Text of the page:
Settling the Claim
The other driver’s insurance company may ask you to sign a release to settle your claim that says you will not file additional claims related to the same accident. Get a letter from your doctor estimating the cost and length of your future medical treatment to determine if your settlement is fair. Don’t sign a release until you are satisfied with the total settlement.
You might want to consult an attorney before accepting a settlement. Texas law gives you two years after an accident to either settle your claim or file a lawsuit.
Texas law prohibits insurance companies from delaying payment of a claim to pressure you to sign a release. If you believe an insurance company is delaying payment to pressure you, file a complaint with TDI.
If the other driver denies fault, his or her insurance company may refuse to pay your claim. Independent witnesses could make a difference in getting the company to pay. It’s important to get names, addresses, and telephone numbers of any witnesses to the accident. Make sure the insurance company knows about the witnesses. If the company continues to refuse to pay the claim, you can file a claim against your own insurance or you may have to go to court to resolve the issue.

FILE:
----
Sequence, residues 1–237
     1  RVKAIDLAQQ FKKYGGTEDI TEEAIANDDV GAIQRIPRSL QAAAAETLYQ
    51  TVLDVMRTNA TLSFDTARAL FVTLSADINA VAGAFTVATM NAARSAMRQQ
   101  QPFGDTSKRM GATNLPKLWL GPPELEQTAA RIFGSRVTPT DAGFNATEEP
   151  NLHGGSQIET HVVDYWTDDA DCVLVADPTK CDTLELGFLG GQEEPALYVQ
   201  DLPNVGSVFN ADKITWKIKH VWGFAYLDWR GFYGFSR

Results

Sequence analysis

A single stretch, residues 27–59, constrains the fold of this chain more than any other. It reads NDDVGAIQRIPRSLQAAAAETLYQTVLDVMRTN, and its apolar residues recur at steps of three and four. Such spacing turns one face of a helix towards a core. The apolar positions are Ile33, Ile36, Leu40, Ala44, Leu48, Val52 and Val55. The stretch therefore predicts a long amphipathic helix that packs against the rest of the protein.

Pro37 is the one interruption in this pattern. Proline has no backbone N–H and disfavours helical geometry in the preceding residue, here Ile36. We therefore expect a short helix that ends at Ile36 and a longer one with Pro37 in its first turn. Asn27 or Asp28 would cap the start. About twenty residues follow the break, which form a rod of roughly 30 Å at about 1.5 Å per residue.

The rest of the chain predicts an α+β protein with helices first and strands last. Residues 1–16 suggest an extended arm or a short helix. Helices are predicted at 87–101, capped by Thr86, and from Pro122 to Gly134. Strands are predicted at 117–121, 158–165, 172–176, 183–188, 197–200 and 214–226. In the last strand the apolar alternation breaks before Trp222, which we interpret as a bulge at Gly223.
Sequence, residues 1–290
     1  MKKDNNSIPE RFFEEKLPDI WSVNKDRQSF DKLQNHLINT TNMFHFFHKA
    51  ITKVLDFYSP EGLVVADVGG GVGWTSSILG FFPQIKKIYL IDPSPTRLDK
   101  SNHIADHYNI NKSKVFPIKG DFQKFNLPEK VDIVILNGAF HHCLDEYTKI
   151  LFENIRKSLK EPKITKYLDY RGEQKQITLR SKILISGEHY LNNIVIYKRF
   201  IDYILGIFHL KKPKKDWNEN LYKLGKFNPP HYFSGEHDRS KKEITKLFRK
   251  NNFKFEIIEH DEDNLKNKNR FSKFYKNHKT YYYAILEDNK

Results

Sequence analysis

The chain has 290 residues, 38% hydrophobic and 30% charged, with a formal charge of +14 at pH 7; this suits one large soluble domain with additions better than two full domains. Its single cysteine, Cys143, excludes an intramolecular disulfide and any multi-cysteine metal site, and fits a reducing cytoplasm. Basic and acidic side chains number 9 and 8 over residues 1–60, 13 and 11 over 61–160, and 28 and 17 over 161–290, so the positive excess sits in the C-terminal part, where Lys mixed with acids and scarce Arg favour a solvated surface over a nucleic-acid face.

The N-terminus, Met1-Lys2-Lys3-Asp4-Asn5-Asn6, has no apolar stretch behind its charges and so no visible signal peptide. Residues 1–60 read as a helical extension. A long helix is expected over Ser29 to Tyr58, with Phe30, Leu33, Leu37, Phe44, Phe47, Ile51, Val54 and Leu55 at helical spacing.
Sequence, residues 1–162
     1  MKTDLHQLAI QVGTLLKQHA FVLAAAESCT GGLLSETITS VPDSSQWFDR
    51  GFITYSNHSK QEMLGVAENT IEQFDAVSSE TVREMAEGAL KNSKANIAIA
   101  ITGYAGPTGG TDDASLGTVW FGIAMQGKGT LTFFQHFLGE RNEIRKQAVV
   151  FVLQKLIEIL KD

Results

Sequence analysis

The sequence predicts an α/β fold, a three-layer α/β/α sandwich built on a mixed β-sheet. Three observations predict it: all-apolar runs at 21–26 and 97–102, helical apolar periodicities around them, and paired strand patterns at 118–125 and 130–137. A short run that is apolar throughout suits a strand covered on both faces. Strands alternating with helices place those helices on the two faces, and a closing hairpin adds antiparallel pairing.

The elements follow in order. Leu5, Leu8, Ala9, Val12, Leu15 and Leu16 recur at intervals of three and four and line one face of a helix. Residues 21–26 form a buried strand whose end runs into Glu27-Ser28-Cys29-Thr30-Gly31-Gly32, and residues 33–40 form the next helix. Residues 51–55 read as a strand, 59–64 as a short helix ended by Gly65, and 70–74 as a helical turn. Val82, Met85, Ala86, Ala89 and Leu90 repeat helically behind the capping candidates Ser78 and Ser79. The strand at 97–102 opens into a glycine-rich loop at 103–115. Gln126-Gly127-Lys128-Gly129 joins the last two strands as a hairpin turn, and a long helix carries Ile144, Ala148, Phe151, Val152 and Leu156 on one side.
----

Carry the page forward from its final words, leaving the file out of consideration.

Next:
Ask your agent or your company’s underwriting department how a claim might affect your rates on renewal. A company cannot refuse to renew your policy solely because you had one accident in a 12-month period that was not your fault. However, if the accident affected your driving record, your company may consider it in determining your rates, whether you filed a claim for the accident or not.
Getting Your Car Repaired
Your insurance company will either have an adjuster inspect your car and give you a repair estimate, or it will ask that you provide repair estimates from mechanics and auto body shops.
Insurance companies will pay for repairs or replacement only up to the car’s actual cash value. Actual cash value is the amount your car would be worth if it weren’t damaged.
If you and your insurance company can’t agree on the amount of your settlement, you can demand an appraisal. Appraisal allows you and the company to hire separate damage appraisers. The two appraisers choose a third appraiser to act as an umpire. The appraisers review your claim, and the umpire rules on any disagreements. The appraisal decision is binding on the amount of the damage. If there is a dispute about what is covered, you can pursue a settlement of the coverage issue after the appraisal. You must pay for your appraiser and half of the umpire’s costs.
Appraisal is available only in disputes between you and your insurance company. It is not available if the other driver was at fault and you disagree with his or her company’s offer.
Some companies may give you a list of preferred shops once you begin to repair your car, but they cannot require you to use a particular repair shop. For collision and comprehensive claims, your company is obligated to pay only for parts of like kind and quality to those that were damaged.